Bogus to Bubbly: An Insider's Guide to the World of Uglies (The Uglies) - Scott Westerfeld I've had this book on my wishlist since before it came out, and I'm glad I finally got the chance to read it. There's not much to review in terms of plot and story, as this is more of a reference guide to the elaborate Uglies universe constructed by Scott Westerfeld. I honestly do wish more books came with reference guides, bonus extras from the authors to fully immerse their readers in the characters and their worlds. Obviously this wouldn't work with all books (standalones, etc.), but with books set in extensive worlds, it would be such a great addition. Westerfeld really seems connected to his readers and what they want to know. There's a good mix of general review information that was found in the books, as well as enhancing new material. Loved it. Rating: 5/5

The Future of Us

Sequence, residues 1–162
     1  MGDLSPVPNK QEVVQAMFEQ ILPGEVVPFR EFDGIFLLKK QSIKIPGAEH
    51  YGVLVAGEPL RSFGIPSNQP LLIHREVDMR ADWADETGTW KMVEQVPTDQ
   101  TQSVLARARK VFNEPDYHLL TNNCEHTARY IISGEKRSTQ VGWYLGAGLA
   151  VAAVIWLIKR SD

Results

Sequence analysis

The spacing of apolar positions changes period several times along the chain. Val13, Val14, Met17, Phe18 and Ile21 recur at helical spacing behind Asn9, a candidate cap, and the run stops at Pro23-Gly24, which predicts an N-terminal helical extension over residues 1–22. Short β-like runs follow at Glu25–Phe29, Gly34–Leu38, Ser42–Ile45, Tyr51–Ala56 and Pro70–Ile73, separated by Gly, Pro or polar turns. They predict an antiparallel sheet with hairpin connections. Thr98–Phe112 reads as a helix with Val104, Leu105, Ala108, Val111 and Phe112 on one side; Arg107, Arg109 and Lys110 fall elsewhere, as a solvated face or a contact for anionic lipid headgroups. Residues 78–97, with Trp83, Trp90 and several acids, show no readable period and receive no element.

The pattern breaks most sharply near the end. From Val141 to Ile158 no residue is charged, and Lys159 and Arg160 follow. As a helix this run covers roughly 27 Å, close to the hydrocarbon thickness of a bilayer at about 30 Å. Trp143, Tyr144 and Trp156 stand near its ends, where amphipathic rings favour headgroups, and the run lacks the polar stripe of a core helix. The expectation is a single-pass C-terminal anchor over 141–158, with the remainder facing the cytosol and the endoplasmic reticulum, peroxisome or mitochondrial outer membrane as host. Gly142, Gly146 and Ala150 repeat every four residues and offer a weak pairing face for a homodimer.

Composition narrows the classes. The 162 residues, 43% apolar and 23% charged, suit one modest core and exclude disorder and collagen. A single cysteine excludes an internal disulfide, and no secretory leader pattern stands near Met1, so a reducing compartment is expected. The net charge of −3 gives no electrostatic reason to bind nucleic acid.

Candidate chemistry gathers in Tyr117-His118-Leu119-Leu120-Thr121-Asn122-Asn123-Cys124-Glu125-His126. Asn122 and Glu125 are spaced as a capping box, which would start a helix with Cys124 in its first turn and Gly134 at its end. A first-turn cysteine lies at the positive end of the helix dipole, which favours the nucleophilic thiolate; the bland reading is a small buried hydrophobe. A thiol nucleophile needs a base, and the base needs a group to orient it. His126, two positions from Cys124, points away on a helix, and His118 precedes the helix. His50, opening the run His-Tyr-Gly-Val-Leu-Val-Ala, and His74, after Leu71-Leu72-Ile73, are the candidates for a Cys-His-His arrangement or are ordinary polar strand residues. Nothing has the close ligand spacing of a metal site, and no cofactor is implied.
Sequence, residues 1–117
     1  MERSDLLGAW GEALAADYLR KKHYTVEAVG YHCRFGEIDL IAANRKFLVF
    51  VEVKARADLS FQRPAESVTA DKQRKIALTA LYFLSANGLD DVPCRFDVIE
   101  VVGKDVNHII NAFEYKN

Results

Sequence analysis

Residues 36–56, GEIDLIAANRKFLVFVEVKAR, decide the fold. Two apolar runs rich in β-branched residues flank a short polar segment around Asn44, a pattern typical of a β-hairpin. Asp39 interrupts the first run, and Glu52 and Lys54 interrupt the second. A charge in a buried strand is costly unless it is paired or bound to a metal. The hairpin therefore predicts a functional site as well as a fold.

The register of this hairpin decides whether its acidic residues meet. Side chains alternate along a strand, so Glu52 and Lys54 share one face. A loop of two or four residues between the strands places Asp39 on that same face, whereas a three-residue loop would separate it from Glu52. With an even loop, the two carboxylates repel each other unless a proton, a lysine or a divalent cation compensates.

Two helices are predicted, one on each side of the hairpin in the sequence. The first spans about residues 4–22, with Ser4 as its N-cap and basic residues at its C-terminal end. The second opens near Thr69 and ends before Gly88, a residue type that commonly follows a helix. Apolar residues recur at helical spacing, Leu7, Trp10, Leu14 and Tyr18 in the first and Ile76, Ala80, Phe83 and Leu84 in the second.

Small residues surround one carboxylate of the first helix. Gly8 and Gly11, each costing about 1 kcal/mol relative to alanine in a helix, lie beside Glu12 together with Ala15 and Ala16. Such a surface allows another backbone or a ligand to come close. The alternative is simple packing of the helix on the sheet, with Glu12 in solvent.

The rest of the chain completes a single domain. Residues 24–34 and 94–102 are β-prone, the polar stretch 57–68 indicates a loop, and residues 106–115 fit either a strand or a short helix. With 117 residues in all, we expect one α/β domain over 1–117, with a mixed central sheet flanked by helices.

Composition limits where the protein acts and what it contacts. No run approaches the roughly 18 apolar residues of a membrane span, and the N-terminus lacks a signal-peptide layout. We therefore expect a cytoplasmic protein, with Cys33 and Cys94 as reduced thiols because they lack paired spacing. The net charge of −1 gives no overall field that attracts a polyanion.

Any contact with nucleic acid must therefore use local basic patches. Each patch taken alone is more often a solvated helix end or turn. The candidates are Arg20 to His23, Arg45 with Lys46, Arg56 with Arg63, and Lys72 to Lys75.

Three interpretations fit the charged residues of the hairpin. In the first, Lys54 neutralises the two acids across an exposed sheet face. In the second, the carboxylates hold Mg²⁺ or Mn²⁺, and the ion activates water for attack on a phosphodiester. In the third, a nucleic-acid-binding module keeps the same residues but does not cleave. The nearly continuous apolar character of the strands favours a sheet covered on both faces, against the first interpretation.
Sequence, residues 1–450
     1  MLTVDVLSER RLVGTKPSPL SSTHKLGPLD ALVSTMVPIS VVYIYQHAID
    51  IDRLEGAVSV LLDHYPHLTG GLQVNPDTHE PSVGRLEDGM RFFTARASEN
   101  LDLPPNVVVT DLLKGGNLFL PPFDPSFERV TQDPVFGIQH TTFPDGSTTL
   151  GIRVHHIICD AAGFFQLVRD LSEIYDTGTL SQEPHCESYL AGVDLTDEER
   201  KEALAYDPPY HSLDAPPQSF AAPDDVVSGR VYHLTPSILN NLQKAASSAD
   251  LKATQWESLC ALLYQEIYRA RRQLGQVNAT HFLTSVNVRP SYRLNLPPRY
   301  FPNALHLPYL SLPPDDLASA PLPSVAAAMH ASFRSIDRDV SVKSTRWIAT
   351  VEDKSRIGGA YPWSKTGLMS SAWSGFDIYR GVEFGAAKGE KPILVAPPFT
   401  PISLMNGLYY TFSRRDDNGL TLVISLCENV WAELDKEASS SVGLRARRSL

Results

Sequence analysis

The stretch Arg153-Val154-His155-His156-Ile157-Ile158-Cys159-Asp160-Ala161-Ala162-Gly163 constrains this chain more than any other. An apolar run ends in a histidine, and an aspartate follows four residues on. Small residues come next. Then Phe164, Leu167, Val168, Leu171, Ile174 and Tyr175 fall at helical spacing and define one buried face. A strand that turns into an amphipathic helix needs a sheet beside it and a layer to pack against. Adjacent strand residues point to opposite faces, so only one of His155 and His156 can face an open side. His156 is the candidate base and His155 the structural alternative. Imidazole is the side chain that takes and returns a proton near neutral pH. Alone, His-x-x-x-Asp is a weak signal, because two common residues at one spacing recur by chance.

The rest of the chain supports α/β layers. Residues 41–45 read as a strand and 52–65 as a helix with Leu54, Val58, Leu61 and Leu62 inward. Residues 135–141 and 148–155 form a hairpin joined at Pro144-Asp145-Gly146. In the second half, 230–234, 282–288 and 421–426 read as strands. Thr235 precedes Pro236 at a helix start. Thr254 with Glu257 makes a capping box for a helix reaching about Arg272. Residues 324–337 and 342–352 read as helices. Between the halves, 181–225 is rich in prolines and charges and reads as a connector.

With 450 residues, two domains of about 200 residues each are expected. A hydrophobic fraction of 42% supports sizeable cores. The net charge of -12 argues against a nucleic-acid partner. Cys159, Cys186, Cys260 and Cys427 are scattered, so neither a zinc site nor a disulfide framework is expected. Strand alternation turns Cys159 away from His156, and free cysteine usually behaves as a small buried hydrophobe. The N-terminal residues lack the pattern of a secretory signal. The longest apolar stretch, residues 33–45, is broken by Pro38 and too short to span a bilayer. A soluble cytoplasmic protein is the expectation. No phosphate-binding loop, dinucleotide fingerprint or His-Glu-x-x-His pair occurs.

The Future of Us - Jay Asher, Carolyn Mackler Jay Asher maybe should have reconsidered writing such a smashing debut novel. I'm concerned he won't be able to top it, and the high expectations have been set. It's hard to separate this novel from Thirteen Reasons Why, the latter being my favorite YA. While I'm sure some may have seen the integration of online social networks in a book as being gimmicky, I thought it was a great element, seeing as the internet is such a big part of all of our lives. I hope to see more YA featuring the internet as a story element. The story concept isn't a poor one either, it's pretty compelling to read about destiny vs. free will in a novel aimed at teens, particularly taking into account that the futures are changing and not set in stone. But it's a different book entirely from Asher's previous Thirteen Reasons Why, and I wish it was easier to sever the tie between the two, but considering he's only written the two books, it's difficult. I almost thought this book would make a better television show than crammed into the space of a book. It's a good idea with great potential, but could have been more. I would have wanted more extensive thoughts on the ideas of destiny and free will, bigger life-revelations rather than teen drama, something more along the lines of the words and big ideas that we get from John Green or Asher himself in TRW. He's certainly capable of it, and I wish it had been done that way. Rating: 3/5